Castro Is Back 'In Charge' of Cuba After Surgery, Chavez Says
Cuban President Fidel Castro is back "in charge" after undergoing intestinal surgery in July, his friend and protege Venezuelan President Hugo Chavez said on Sunday.
An intestinal ailment has kept the communist leader out of the public eye for the past nine months, sparking speculation about whether he will return to power, which he ceded temporarily to his brother Raul on July 31.
"He is charge, he is in charge, he is doing a lot of thinking," Chavez said in a speech at a summit of the ALBA group, which promotes co-operation between Cuba, Venezuela, Bolivia and Nicaragua.
Despite a growing consensus among officials that the 80-year-old "Comandante" is becoming more robust, President Bush predicted on Saturday that the end of what he called Cuba's "cruel dictatorship" was near.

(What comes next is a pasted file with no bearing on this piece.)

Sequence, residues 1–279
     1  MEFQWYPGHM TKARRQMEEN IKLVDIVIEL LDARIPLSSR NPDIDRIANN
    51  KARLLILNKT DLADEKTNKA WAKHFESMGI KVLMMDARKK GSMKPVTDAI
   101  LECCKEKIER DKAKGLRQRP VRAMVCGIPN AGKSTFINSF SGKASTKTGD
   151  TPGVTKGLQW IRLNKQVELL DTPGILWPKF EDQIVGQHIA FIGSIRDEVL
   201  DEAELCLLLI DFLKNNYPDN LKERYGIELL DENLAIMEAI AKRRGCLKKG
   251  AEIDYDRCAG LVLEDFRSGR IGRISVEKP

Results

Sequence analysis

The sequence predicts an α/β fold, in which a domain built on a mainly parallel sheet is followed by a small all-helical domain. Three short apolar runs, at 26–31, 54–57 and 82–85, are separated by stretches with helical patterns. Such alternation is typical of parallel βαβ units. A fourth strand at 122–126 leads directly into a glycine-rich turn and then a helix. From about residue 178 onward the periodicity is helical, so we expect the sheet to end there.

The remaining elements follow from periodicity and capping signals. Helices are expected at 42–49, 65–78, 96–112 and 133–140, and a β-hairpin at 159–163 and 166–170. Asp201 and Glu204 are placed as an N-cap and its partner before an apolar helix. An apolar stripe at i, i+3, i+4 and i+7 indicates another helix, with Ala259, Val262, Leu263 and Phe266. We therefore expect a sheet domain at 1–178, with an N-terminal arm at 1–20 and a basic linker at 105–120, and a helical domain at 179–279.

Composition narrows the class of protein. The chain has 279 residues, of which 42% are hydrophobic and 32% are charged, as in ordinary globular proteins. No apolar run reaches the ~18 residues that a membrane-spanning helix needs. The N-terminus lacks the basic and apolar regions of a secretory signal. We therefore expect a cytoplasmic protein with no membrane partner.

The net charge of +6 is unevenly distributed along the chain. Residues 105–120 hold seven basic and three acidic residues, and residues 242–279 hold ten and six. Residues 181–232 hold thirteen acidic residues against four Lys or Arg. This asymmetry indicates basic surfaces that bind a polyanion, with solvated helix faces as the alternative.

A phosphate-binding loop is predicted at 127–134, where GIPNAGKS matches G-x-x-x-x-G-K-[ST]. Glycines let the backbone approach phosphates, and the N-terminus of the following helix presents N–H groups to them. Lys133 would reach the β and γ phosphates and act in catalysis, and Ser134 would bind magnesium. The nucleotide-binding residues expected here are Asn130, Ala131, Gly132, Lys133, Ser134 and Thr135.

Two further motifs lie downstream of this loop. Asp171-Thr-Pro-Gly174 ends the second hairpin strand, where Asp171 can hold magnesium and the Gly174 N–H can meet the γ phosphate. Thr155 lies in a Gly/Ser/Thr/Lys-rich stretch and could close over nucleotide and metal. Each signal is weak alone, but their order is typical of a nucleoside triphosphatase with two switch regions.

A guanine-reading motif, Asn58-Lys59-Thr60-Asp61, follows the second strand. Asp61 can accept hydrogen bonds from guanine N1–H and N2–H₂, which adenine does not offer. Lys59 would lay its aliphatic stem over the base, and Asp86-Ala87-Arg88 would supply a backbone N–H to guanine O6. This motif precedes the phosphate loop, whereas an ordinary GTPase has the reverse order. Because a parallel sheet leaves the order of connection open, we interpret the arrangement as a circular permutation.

Chavez is in frequent contact with Castro, from whom he said he had just received a long letter including reflections on Argentine-born revolutionary Ernesto "Che" Guevara and the Chinese economy. Castro took power in 1959.
The Venezuelan president said Castro was well enough to be not only closely monitoring the ALBA summit but was also running affairs behind the scenes.
"He is in charge, the great helmsman of ALBA is Fidel," he said.
Chavez said earlier this month that Castro, 80, had informally resumed "a good part" of his governing duties.
Bolivian President Evo Morales has said he is sure Castro will attend a May Day parade in Havana, but Chavez said he did not know whether his mentor would be there.
"I think Evo and Fidel have a plan so secret that even I do not know," he said, triggering a wave of laughter.